The story of Disney Infinity play-sets is never really the focus of the game however, with plenty of activities and items to collect and unlock for use within the toybox – all of which will keep you busy for hours, but those that enjoyed these activities may be a little disappointed by this latest outing. As in the previous Disney Infinity a range of chellenges can be found for you to complete such as collecting bubbles or destroying targets within a certain time frame, but in Disney Infinity 2.0 these activities have become very frustrating.
Some challenges simply can not be completed unless you have a particular character or said character has been levelled up to a point where a skill can be unlocked that will make the challenge attainable. To add to the frustration, the game does not offer any hints as to which character should be used during these challenges, nor does it wait to make the challenges available once you have the means to complete them. They are simply there for you to just give it a punt, leaving it for you to discover whether or not it can be accomplished, meaning you can waste a good amount of time before you realise that it simply can not be done.
Those that played the original Disney Infinity will find this not only very unusual but also very off setting. As challenges were originally only playable once you had the means to complete them, such as the jump pack in the Toy Story Play-set.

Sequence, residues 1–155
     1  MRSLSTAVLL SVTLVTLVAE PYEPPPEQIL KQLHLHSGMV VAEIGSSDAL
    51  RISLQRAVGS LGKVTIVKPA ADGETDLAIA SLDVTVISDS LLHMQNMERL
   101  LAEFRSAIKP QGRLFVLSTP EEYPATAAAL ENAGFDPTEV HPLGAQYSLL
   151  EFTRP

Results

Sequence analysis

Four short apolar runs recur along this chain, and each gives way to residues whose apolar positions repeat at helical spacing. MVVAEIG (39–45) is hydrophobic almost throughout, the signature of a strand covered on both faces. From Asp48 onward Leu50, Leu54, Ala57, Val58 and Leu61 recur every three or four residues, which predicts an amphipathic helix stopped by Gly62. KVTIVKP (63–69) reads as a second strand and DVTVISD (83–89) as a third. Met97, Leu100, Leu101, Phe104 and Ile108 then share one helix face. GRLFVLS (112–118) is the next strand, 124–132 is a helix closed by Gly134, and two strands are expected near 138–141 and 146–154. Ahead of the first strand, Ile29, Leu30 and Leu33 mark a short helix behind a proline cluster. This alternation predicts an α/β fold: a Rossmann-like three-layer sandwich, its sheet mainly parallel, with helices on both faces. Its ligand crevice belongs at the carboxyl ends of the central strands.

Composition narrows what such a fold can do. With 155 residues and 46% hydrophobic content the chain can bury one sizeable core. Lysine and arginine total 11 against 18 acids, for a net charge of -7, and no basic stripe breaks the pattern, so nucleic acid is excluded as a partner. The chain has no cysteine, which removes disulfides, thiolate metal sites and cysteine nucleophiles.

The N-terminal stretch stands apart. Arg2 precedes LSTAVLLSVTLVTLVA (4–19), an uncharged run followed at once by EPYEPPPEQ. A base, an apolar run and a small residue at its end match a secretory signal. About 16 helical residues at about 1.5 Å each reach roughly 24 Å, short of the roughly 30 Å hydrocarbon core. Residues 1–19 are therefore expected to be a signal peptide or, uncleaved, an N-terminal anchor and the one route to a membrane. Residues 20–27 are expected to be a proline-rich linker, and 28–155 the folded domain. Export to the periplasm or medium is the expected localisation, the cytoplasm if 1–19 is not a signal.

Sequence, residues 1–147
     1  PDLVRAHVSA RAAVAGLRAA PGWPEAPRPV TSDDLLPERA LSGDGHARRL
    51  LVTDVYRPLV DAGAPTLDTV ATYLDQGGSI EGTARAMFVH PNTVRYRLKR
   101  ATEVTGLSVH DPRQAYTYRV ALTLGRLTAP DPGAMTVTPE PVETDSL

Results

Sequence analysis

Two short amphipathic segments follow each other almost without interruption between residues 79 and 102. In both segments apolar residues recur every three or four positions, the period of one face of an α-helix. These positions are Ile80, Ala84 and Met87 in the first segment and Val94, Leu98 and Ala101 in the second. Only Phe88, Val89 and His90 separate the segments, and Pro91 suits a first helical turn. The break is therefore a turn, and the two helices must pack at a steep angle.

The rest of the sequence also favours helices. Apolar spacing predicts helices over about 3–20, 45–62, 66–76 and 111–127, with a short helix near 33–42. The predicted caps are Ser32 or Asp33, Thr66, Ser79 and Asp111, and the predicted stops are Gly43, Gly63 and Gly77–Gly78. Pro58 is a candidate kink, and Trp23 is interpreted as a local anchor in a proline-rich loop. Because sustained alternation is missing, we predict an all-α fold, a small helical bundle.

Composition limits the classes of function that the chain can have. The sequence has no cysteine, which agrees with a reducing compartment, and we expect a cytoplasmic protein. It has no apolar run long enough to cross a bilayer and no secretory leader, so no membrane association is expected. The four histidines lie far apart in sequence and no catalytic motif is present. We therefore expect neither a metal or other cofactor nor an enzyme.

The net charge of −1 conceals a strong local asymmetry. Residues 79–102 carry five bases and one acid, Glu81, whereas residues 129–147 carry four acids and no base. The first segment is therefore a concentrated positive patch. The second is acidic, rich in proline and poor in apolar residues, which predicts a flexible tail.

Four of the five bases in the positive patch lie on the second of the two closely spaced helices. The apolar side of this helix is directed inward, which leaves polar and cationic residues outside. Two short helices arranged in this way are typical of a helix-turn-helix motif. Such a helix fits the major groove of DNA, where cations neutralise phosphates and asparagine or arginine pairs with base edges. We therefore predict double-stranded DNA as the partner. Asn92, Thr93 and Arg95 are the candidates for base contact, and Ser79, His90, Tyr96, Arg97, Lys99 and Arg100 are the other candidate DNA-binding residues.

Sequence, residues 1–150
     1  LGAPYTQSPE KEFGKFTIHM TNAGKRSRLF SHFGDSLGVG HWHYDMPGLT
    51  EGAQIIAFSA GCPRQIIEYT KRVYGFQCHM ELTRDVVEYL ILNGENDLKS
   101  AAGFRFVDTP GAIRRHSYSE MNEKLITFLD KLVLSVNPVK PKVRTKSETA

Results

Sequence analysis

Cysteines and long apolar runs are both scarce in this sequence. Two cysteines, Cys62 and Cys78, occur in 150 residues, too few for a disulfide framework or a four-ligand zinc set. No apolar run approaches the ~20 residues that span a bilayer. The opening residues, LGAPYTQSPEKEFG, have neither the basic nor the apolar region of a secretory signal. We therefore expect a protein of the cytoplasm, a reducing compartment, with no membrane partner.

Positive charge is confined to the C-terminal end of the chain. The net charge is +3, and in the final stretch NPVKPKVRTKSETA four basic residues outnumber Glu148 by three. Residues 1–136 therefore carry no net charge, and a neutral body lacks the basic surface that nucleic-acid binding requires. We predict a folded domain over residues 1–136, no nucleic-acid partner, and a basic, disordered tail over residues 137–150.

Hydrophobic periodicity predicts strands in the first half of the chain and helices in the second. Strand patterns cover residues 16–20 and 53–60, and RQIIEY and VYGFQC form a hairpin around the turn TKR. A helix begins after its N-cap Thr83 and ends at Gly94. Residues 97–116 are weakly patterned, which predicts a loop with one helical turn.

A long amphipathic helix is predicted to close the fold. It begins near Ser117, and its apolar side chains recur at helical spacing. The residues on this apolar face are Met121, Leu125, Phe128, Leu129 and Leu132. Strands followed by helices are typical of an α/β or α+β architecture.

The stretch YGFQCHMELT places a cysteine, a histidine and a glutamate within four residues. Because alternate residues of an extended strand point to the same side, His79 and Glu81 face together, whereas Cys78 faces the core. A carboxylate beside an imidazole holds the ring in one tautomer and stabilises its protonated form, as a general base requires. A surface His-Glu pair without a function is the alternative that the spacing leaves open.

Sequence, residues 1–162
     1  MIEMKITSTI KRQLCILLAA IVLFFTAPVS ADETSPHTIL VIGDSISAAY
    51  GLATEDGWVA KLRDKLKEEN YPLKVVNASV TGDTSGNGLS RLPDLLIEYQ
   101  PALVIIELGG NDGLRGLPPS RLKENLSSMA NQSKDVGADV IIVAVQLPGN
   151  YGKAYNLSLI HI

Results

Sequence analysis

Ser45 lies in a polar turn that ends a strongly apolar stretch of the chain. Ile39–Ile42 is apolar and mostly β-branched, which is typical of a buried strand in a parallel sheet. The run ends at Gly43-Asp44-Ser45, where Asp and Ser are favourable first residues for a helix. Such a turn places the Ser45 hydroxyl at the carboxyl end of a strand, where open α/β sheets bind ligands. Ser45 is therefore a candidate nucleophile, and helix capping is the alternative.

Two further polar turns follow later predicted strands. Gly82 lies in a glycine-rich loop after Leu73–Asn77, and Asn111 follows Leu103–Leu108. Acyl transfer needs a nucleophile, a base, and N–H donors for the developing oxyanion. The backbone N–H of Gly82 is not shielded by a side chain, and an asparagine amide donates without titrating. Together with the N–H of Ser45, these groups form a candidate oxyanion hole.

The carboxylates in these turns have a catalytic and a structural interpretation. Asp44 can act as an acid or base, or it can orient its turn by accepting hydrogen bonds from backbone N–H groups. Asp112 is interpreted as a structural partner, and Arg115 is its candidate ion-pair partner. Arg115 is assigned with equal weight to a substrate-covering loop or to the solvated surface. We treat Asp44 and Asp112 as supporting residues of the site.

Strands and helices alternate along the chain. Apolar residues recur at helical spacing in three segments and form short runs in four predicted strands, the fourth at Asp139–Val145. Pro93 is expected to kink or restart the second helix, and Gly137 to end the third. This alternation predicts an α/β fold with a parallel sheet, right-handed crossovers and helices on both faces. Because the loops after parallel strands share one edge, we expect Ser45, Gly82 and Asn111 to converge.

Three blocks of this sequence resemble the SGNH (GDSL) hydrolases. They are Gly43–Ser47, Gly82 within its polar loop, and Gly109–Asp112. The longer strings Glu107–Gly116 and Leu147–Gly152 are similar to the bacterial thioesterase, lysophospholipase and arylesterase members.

The world of the Avengers, in this case – New York, has other tasks for you to work on such as items for you to seek out and collect. These include crossover coins which will allow a couple of characters from other play-sets to be used (both Rocket from Guardians of the Galaxy and Nova from Spider-man can be played in this play-set) and a series of collectables which require a character of a certain attribute to collect them. These attribute collectables are new to Disney Infinity and require a character with tech, wall-crawling, super strength and more to collect them. Although this is a new twist on the collectables of Disney Infinity, I can’t help but feel that this is a huge ploy by Disney to push for owners of the game to collect more figures so that they are able to collect all of the collectables within each play-set.
This is a real shame as part of the fun of the original Disney Infinity was the ability to simply explore and have fun in the fantastic worlds of the game but there is a real sense of lack of collectables and side activities which take a huge amount of fun and playability out of the play-sets. The missions and quests of Disney Infinity 2.0 are also disappointing, each mission I was given revolved around me making my way through New York to beat up Frost Giants or escorting vehicles… and beating up Frost Giants.
Not a great deal of variation ever comes from the missions of the play-set and although playing as your favourite Avenger smashing Frost Giants in to ice cubes is great fun, it’s ability to keep you truly entertained is short lived when every mission involves this same concept. With so many fun and quirky missions in the original Disney Infinity, I couldn’t help but wonder where these had gone and if the developers had run out of ideas for this Marvel interpretation of their game.
The combat however is much improved from the previous game with combos being easier to string together and moves being much easier to pull off. Another improvement is the skill tree which allows you to level up your hero as you see fit. Certain characters can learn new abilities such as an increased jump or wall crawling. New moves which are unique to each character can be unlocked and you can also increase your health and movement speed but each character can also unlock a special move which will decimate enemies around you such as Hawkeye’s rain of arrows. Special Moves can be levelled up further to do more damage and have a greater range of attack making it much easier to take care of hordes of enemies.